Body-modification bills advanced by House panel
Posted: March 21, 2013 at 11:15 a.m.
Updated: March 21, 2013 at 11:43 a.m.
A House panel has advanced a pair of body modification bills after adding amendments, including one that reversed a previous portion of the bill that would have banned scarification and dermal implants.
The House Public Health, Welfare and Labor Committee unanimously passed the bills by voice votes Thursday morning.
Senate Bill 387 had called for a ban on dermal implants and scarification, drawing concern from the body modification industry. But a representative from the group said the change resolved those concerns.
Dermal implants are decorative items inserted under the skin while scarification involves scratching, etching or cutting designs to produce a scar for ornamentation or decoration.
Misty Forsberg, a body piercer who spoke to the committee on behalf of the Arkansas Body Modification Association, said the two sides sat down Wednesday night and reached the compromise. She said there was a "huge outpouring of people opposing the bill" before, but that allowing and regulating scarification makes more sense than prohibiting it.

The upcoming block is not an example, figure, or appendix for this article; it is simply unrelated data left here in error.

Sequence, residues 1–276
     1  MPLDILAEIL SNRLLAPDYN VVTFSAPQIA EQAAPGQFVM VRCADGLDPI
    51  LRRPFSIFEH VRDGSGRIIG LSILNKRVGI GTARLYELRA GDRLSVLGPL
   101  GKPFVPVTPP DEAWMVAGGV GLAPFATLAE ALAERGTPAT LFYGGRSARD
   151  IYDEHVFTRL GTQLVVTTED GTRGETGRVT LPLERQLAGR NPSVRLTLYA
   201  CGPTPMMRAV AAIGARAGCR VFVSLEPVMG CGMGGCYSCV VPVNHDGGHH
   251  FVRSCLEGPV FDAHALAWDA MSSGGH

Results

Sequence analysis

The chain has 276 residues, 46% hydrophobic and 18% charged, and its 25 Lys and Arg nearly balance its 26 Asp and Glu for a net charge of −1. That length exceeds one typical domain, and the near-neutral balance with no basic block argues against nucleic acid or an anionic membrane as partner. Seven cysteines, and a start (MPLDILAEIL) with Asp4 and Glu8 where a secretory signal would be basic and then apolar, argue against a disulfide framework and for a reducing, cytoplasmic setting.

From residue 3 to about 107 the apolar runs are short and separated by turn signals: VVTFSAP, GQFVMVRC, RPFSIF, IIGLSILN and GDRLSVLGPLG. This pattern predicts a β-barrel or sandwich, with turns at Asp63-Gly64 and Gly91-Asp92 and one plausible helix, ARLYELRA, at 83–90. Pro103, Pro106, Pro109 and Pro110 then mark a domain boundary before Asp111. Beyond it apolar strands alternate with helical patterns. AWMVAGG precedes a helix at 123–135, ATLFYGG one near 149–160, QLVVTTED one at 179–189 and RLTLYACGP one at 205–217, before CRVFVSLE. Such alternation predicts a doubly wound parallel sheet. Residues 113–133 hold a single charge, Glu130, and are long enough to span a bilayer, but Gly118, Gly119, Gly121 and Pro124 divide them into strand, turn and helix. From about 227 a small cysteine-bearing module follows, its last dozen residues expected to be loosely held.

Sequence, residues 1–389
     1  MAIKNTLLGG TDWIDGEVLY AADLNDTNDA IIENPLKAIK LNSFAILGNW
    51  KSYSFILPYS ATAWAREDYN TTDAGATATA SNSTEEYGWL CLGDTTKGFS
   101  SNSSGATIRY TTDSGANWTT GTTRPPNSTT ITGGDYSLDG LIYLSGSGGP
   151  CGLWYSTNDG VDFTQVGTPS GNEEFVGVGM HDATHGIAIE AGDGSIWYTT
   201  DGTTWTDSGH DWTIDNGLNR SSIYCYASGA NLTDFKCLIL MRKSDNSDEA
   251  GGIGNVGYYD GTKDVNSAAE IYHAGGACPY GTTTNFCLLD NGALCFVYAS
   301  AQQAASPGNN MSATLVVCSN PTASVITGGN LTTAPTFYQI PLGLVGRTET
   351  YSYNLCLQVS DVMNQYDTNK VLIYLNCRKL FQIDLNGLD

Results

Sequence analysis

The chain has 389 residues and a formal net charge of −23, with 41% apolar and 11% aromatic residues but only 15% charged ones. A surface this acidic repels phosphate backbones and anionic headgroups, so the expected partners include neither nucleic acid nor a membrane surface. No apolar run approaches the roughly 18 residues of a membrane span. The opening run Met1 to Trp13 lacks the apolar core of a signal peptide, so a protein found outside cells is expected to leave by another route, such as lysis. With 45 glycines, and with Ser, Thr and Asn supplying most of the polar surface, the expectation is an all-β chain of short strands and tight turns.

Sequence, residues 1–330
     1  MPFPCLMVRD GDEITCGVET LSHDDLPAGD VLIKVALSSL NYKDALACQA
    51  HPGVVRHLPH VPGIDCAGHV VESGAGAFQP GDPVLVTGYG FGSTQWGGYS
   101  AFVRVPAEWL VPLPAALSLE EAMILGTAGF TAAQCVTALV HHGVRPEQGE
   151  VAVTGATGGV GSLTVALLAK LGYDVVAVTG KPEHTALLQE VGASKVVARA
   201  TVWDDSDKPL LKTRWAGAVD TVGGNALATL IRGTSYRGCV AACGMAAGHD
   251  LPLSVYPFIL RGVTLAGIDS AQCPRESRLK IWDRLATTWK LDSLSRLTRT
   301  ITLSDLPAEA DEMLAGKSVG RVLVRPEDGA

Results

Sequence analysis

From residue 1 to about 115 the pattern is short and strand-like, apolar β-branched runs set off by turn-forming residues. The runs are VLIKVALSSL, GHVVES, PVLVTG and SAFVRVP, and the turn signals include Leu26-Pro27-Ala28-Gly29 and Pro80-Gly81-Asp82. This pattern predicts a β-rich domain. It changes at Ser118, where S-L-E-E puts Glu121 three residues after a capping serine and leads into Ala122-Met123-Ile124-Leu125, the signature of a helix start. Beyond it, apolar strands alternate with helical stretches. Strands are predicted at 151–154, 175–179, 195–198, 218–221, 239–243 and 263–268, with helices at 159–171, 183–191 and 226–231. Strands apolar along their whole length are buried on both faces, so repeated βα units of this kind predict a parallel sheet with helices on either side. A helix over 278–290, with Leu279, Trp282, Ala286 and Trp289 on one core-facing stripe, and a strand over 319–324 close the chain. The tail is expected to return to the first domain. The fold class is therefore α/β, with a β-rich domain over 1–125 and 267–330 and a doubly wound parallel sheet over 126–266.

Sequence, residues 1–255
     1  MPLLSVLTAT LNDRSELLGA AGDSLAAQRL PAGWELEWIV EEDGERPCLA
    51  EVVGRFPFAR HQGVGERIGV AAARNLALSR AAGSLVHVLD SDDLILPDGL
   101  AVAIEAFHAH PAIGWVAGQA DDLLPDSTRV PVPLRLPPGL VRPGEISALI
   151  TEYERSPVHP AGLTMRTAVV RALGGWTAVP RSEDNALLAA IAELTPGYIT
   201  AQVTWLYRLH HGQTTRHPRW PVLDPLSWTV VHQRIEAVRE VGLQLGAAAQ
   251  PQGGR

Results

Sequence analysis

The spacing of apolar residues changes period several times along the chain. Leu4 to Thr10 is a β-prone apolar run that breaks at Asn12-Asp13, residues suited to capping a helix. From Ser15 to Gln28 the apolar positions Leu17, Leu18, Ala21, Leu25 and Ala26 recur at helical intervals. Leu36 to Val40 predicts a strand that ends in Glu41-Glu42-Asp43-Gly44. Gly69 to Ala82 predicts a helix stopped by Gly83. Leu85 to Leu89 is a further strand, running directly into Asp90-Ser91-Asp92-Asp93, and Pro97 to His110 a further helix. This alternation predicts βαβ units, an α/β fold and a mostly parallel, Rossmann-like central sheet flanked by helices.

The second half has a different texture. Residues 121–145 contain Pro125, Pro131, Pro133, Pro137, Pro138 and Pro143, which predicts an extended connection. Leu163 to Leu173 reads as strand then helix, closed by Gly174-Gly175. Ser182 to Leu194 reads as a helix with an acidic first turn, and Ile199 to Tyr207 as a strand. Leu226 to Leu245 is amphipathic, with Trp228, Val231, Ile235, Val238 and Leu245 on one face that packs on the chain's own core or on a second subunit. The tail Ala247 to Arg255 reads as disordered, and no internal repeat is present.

"That's fantastic that they saw that," Forsberg said after the votes.
The bill would still give the State Board of Health the ability to regulate scarification and it also would ban subdermal implants, which a representative from the Health Department said poses infection risks and "blurs the line" between body art and plastic surgery.
The bills are sponsored by Sen. Missy Irvin, R-Mountain View, and Rep. Deborah Ferguson, D-West Memphis.
"Everyone has a different idea of beauty," Ferguson told the committee, "but we should try to ensure it's done safely and within reasonable limits."
Senate Bill 388, also passed Thursday by the committee, sets in place regulations for the body art industry, including establishing age limits for getting different forms of body art, putting in place licensing rules and setting other safety guidelines.
The bills affect anyone performing body art other than doctors.
Earlier versions of both bills passed the Senate earlier this month.